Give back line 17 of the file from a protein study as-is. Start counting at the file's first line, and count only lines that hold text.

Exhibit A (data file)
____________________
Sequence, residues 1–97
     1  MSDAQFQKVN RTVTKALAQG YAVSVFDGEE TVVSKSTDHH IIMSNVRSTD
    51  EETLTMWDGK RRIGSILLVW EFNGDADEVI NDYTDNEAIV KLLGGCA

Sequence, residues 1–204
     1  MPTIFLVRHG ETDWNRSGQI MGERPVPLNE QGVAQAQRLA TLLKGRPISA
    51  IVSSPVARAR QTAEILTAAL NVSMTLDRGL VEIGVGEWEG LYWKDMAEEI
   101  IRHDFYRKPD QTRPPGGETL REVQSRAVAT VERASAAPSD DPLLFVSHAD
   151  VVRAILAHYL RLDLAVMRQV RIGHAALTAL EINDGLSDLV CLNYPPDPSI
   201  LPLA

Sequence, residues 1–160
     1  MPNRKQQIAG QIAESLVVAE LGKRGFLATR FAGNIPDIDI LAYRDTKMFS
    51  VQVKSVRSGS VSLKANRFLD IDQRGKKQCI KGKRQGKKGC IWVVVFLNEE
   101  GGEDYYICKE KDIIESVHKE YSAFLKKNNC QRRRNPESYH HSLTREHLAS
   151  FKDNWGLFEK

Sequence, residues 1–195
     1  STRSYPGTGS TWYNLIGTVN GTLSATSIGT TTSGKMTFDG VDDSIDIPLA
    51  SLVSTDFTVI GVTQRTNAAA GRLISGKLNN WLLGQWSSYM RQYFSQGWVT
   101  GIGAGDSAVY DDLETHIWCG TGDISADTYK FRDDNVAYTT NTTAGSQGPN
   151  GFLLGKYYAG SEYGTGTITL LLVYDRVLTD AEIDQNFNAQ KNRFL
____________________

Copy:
    51  SLVSTDFTVI GVTQRTNAAA GRLISGKLNN WLLGQWSSYM RQYFSQGWVT